Hydroquinone is a skin lightener that's often used to reduce skin pigmentations like dark spots or melasma. Unfortunately, it's easily absorbed through the skin, and these products may negatively affect fetal development. Melasma-related pigmentation of the skin also usually goes away after pregnancy, so don't stress about it too much.

Products that contain vitamin C and niacinamide can replace hydroquinone and are safe during pregnancy. The vitamin C will act as a brightener, while the niacinamide hydrates.


Formaldehyde is a common ingredient in nail polish. While it's not technically classified as one of the specific products that's "dangerous" during pregnancy, most healthcare professionals recommend limiting your exposure. That doesn't mean you can't get your nails done but try to use polishes that don't add formaldehyde. It's also common in certain hair-straightening procedures, but this is mostly important for salon workers to be aware of. Exposure to high levels of formaldehyde during pregnancy can cause issues with fertility or even miscarriages, so be cognizant of your client's needs.

Hair Dye

Hair dye is a difficult product to assess, as the formulas can differ and often change. Avoid coloring your hair for the first 12 weeks of pregnancy to reduce the risk of any negative effects of dye. You can get your hair done occasionally, but it's best to try and limit it to once or twice during your pregnancy. If you have any concerns, talk to your salon about the ingredients they use and discuss them with your doctor.

Chemical Sunscreens

Pregnant women should avoid using chemical sunscreens as well. This doesn't mean skipping the UVA/UVB protection altogether, but avoid products with oxybenzone and avobenzone. Oxybenzone exposure during pregnancy may negatively impact fetal development. Although there hasn't been enough research to definitively say that chemical sunscreens harm your baby, several effective alternatives exist. Look for products that rely on the physical components to physically deflect the sun's rays. These include mineral sunscreens that have titanium dioxide or zinc oxide as their active ingredients. Always choose a broad spectrum and make sure they have a sun protection factor (SPF) of at least 30 or higher.

Dihydroxyacetone (DHA)

Dihydroxyacetone is often an ingredient of self-tanners. Although it's safer than sun tanning or tanning beds, it's one of the skincare ingredients you should avoid during pregnancy. While it's not directly absorbed into your skin, it's easily inhaled during the application and is unhealthy for you and your baby.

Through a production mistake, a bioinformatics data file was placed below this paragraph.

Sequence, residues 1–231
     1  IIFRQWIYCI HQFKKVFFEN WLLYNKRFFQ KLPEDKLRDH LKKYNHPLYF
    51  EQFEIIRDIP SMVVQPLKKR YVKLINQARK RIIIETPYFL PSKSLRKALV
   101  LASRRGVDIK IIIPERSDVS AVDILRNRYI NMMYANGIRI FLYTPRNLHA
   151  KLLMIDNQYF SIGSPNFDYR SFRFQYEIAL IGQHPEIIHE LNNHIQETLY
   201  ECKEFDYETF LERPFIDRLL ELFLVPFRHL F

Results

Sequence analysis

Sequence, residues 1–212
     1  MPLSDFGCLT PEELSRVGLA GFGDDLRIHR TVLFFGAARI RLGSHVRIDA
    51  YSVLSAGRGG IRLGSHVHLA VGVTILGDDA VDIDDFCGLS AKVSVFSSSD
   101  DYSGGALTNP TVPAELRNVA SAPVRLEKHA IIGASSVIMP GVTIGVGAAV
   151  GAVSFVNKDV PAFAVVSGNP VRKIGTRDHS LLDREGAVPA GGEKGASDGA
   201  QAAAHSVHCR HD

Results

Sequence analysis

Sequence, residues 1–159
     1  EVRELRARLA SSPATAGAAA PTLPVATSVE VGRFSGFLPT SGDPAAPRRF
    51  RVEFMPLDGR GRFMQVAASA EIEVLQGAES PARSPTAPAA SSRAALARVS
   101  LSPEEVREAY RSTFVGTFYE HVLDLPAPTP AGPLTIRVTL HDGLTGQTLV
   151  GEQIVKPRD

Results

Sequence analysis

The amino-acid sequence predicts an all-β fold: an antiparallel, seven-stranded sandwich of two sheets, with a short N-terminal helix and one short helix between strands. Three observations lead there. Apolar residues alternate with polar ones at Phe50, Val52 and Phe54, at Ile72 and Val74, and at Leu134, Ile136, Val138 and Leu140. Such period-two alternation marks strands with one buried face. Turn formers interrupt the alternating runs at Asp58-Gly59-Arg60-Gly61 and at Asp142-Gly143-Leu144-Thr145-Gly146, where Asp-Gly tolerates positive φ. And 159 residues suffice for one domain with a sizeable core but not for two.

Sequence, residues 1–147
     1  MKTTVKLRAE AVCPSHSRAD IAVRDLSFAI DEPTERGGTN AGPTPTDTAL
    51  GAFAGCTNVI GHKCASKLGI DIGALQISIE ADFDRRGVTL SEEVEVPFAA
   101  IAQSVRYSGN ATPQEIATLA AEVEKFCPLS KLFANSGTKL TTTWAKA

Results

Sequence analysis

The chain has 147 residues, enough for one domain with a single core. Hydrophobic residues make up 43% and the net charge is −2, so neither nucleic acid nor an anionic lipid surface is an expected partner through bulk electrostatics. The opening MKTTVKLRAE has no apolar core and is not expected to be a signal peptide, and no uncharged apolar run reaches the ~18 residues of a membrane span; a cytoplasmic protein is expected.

Parabens and Phthalates

Parabens and phthalates are commonly found in various personal care products and may not be safe during pregnancy. Exposure to parabens and phthalates has been linked to adverse effects on fetal development, including potential disruptions to reproductive health, neurodevelopmental issues, and even increased risk of preterm birth. While more studies are needed to fully understand the extent of their impact, it's best to avoid them during pregnancy to help mitigate risks.

Botox and Fillers

There's not much that's known about the effects of Botox or fillers on your developing baby, but considering the ingredients, it's best to err on the side of caution. Botox is a toxin that can enter the bloodstream if it migrates from the application site. Although filler often uses hyaluronic acid, which is already produced in the body, it may not be the best procedure to get done during pregnancy.

Household Products to Avoid While Pregnant

While there's been a spotlight on the beauty industry and a push to create more pregnancy-safe personal care products, they're not the only chemicals to consider. Household products, from cleaning supplies to mosquito repellent, can also pose a danger to pregnant women. Additional products and ingredients you should avoid include the following:

  • Pesticides
  • Herbicides
  • Certain cleaning products
  • Solvent-based paint
  • Lead paint
  • Mosquito repellent
  • Mercury (in food)
  • Flame retardants
  • Dry cleaning chemicals
  • Bisphenol A (BPA)
  • Naphthalene


While some of these items are safe to a certain degree, it's best to avoid using them or at least make sure you're properly protected when doing so.

If you have any questions about how to create a pregnancy-safe skincare routine or whether active ingredients are harmful, don't hesitate to contact your doctor. When you're pregnant, it's better to be on the safe side, especially when it comes to what you put in or on your body.